Talking Peace: Former Ambassador & Gang Member

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(Ambassador Edward J. Perkins).

Headlines scream about the violence in our streets. Whether it's turf wars in America, conflicts plaguing Africa, struggles in the Middle East or other battles around the world, solutions seem out of reach.

“Conversation Peace,� a groundbreaking meeting of the minds between Edward J. Perkins, the first Black U.S. ambassador to South Africa, reformed Blood Dashaun “Jiwe� Morris and actor Jamie Hector, star of the HBO hit series The Wire, marked the United Nations International Day of Peace, on Thursday, September 21, 2006.

The dynamic discussion of ideas, held at The Riverside Church, was to help attendees understand the pain that triggers violence, and be inspired by the passion of peacemakers from different worlds.

The opportunity allowed congregants to gain insight into the thinking of a reformed gang member, now dedicated to making peace both in his own life and in America, while getting to know an international prince of peace, tirelessly committed to establishing harmony on a global scale. The event was sponsored by The Stay Strong Foundation, The Riverside Church and University of Oklahoma Press. The event also served as a peace vigil.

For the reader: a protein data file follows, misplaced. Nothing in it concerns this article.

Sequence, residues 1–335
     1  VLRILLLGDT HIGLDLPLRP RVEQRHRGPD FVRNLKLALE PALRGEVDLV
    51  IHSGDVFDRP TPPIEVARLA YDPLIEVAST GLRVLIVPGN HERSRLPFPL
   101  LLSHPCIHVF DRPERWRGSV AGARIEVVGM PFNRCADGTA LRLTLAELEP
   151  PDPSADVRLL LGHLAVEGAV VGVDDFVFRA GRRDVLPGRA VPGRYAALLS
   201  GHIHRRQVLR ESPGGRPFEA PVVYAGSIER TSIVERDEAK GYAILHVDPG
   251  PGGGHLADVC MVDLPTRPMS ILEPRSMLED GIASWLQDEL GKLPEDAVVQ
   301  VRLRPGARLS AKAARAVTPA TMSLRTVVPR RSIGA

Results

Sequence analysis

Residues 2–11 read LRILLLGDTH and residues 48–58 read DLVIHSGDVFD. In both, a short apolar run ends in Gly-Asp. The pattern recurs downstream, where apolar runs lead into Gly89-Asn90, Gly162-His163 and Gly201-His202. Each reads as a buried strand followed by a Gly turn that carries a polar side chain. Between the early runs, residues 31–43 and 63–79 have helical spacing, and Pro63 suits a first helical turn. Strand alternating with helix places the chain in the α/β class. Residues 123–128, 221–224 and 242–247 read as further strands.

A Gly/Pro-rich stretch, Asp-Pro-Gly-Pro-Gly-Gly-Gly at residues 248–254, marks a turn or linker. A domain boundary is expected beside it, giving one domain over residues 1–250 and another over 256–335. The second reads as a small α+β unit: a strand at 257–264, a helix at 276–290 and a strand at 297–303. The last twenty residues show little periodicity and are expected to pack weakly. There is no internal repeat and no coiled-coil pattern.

Perkins is author of “Mr. Ambassador: Warrior for Peace,� University of Oklahoma Press, 2006); appointed the first Black United States ambassador to South Africa by President Ronald Reagan with the unparalleled assignment: dismantle apartheid without violence.

Dashaun “Jiwe� Morris, now dedicated to creating peace, is also author of the upcoming memoir “War of the Bloods in My Veins.� Other participants included Terrie M. Williams, an inspirational author and founder of the Stay Strong Foundation, and Ilyasah Shabazz, author of Growing Up X.

Conversation Peace, the groundbreaking discussion on creating peace—everywhere, was held at the Riverside Church, 91 Claremont Avenue, between 120th and 122nd Streets, in Manhattan. In addition to Stay Strong Foundation, The Riverside Church and University of Oklahoma Press were also sponsors.

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